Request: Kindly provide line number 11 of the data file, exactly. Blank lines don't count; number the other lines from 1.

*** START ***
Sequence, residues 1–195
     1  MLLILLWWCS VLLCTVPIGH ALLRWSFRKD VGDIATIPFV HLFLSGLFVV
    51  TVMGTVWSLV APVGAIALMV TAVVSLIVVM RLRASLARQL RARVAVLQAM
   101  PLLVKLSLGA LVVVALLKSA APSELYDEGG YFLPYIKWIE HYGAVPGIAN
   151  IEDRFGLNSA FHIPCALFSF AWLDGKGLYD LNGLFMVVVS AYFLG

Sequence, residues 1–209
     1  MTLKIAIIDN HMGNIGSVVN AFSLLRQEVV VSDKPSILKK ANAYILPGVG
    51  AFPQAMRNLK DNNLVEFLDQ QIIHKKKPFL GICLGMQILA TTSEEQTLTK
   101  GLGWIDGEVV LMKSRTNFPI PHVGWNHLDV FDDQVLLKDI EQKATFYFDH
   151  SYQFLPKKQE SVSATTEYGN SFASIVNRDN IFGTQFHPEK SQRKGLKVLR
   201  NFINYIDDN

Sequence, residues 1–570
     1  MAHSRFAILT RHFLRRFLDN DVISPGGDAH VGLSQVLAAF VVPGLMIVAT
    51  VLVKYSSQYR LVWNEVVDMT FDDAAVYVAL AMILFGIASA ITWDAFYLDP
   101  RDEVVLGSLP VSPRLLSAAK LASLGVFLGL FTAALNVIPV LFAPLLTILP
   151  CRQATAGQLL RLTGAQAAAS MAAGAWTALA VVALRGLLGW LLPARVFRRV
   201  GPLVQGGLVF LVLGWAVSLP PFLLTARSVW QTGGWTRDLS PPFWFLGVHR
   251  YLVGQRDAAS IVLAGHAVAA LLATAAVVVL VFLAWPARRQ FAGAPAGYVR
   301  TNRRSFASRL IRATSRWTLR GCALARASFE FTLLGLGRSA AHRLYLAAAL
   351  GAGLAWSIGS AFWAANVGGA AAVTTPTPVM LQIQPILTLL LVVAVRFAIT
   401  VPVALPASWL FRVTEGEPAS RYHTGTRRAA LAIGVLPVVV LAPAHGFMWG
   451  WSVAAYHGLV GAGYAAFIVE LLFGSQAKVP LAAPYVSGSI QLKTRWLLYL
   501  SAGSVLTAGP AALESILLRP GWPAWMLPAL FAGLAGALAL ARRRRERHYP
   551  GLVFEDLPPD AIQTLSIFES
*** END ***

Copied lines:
   201  NFINYIDDN